I’m sorry, Love, but Mommy just doesn’t have a penis.
— Me, to Munchkin, at least once a week
My son, like most boys his age, has a penis.
I, like most women my age, do not.
Munchkin has let me know, in no uncertain terms, that he really doesn’t give two damns about my lack of penis. Because I am Mommy. Knower of all things (except why God made tornadoes), healer of all booboos, answerer of all questions. Even questions about male genitalia. So every time a penis-related question arises, I am tapped to tackle the unknown.
Now you might be thinking: “Munchkin has a dad. Why isn’t dad answering these questions?”
Great question! Dad is, after all, the one with the penis. But Dad can’t answer questions that Munchkin doesn’t ask him.
I have a few theories about why Munchkin doesn’t ask his dad. To start, he perceives his father as less open than I am. He fears the feedback he will get if he brings up something personal and potentially uncomfortable with his father. And while I’m certain dad doesn’t mean for Munchkin to feel that way, I also wouldn’t be surprised if some non-verbal cues of discomfort really were being broadcast and Munchkin is tuned to pick up the signal.
There’s also this thing that I’ve been telling Munchkin since before he could talk: ask me anything, tell me anything. There is nothing you can say that would make me stop loving you. I tell him that because there were so many things that I couldn’t tell my mother. So many questions that I never asked resulting in wrong answers from the wrong people. My own mom shied away from the uncomfortable conversations (you know, the ones that really matter), and I’ve promised myself I would never do that.
Some promises were meant to be broken.
The good news is, Munchkin has taken me at my word and I know an awful lot about what is going on in that amazing little head of his. The bad news is… well, the subject of this post.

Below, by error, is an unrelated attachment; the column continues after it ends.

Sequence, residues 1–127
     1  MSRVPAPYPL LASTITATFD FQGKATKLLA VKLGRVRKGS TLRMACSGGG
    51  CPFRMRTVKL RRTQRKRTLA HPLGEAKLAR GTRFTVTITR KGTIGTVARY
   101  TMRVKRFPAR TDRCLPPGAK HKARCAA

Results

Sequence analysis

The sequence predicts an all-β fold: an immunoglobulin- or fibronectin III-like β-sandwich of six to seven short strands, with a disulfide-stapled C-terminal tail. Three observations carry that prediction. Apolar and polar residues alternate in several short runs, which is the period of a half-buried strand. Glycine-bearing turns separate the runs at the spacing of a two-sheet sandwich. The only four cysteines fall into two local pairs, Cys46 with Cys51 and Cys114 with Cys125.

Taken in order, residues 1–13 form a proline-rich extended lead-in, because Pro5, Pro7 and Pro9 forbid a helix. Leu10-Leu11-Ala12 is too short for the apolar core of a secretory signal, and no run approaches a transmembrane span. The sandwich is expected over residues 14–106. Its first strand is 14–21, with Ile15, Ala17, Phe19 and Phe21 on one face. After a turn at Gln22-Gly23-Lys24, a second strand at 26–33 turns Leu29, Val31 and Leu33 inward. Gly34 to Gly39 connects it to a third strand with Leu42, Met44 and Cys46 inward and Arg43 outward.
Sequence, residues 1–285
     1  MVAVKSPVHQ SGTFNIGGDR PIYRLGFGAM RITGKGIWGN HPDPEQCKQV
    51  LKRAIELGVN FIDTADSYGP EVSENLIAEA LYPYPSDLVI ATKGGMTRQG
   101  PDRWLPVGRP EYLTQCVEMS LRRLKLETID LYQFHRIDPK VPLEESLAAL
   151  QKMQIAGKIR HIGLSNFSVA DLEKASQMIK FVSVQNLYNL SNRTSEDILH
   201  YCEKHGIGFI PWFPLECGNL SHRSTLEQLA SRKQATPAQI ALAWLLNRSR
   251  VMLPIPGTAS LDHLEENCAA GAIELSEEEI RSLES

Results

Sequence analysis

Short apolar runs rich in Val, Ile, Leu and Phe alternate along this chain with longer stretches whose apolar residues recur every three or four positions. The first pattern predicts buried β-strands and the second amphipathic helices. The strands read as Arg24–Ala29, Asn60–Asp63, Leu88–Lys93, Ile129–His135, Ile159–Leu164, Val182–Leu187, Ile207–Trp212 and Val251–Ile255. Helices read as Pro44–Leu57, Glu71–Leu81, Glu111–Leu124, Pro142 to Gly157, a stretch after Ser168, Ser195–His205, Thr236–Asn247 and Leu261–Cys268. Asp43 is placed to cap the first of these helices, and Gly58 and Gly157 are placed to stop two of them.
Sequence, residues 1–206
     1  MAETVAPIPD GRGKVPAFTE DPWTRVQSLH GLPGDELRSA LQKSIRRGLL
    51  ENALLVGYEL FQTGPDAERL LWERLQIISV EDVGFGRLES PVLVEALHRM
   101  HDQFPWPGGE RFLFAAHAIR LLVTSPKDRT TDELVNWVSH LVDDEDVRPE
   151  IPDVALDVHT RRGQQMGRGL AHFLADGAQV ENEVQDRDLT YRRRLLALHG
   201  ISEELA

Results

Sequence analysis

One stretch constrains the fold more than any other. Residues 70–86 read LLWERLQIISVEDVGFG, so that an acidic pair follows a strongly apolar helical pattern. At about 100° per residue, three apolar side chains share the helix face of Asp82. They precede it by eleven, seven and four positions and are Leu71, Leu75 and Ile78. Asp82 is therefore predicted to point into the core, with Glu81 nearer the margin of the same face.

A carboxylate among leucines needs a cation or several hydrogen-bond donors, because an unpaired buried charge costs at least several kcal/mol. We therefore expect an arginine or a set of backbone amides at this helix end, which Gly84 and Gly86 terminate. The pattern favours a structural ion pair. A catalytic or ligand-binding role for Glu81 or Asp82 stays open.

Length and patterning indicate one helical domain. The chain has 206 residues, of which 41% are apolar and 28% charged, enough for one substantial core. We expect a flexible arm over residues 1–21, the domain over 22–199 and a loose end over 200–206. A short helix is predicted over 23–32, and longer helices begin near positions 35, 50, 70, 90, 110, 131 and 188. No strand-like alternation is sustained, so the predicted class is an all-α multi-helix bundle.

So back to penises (never expected to write that on my blog) – It turns out that they are fascinating objects. Full of sensations, often in the way, and fun to play with. They pop up at all the wrong times and make riding a bike a wee bit complicated. The hormones and other appendages that come along with them are no less fascinating. I hear that this testosterone chemical is going to nearly ruin my child’s life once the faucet is turned on. Fun.
Like my wife said, it’s a wonder that little boys ever become productive adults.
So what’s a mom to do? Well, I wing it. I listen. I Google. I send inappropriate text messages to my really awesome guy friends. I talk to other moms. Sometimes I cry. But much more often, I smile. Because I feel so honored to be the person my son comes to about these things. As awkward and distressing as it can sometimes be, I know that he is telling me because he trusts me. I am his go-to person. I can’t even begin to tell you how neat a feeling that is. After all of the times I’ve forgotten a snack, or not packed a book or forced him to shower against his will, he still looks to me for answers to his most important questions.
Penis or no penis, I’d say I’m doing something right.